In the end; the JP Enterprises part was the exact same measurement as the part I had started with (which I had already stretched larger by that time). I don't have any issue with the tighter gas ring I adjusted. I'm not even sure what to compare if I tried installing the JP Enterprises part. Might have to crank out my adjustable gas block 1/8th turn?

It is a functional option; but be aware of the OD and ID on the part for your own peace of mind.

Are they more durable, longer lasting or what? I mean why would somebody go with one of these over standard spec?

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2 minutes ago, JF89 said:

Are they more durable, longer lasting or what? I mean why would somebody go with one of these over standard spec?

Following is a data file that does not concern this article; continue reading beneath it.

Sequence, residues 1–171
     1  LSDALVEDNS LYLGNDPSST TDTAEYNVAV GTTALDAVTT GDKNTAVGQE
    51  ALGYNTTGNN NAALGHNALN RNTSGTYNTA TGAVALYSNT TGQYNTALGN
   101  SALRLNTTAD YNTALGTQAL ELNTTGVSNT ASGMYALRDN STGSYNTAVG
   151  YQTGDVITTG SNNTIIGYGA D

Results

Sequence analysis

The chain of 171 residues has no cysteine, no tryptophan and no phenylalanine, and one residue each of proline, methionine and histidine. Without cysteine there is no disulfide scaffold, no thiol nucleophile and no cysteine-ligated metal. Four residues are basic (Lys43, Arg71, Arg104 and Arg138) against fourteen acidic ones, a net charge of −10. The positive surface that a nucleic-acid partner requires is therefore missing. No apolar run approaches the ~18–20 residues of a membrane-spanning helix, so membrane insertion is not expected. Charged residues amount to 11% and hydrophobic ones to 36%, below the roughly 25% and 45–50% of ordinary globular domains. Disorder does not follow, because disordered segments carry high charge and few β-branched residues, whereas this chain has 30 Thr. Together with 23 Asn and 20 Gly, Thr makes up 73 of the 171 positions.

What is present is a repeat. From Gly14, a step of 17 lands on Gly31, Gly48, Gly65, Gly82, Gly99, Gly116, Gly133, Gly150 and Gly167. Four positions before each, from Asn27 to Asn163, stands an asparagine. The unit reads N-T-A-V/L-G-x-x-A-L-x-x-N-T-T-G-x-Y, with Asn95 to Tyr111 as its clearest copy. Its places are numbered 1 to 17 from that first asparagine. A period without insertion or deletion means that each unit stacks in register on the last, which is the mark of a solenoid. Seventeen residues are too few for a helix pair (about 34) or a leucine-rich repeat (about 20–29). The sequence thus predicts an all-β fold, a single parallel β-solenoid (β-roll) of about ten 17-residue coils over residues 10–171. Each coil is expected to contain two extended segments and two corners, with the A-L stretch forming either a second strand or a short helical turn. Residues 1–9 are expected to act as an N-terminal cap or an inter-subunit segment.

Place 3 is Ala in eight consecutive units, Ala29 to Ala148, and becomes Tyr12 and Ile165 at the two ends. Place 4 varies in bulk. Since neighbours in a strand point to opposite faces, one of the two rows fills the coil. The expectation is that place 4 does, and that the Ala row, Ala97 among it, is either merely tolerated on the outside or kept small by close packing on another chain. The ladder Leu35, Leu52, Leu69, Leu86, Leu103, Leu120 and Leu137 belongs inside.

From what I can the the "enhancement" is the smaller diameter in the case of the JP part. It makes it move more freely; though I don't know if any more or less gas blows by in the process. 

I stretched my other McFarland style ring because I wanted more friction. I didn't like how the bolt slid in and out without any friction at all; which is how the JP part would operate from what I can tell. I can dig up the measurement differences for you if you like. I still have one JP Enhanced ring new in the bag; in a box, hidden in a drawer. 

 

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6 hours ago, JF89 said:

I wonder what benefits these single piece rings offer?

You don't have to worry about the slots lining up and losing gas pressure is the biggest "advantage" I see, not that that has ever caused me an issue. There has been a trend in the industry to undersize the rings to lower the gas pressure, just doesn't seem right to me, I want the tail of my bolt to stay as square as possible in the carrier, lots of other more conventional ways to lower pressure.

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Solution looking for a problem.  Had a friend who like to buy every AR gizmo he could find on the net. one piece rings...enhanced bolts...coated sptings...Just to annoy him I would line up the gaps in my standard rings and shoot all day with no issue.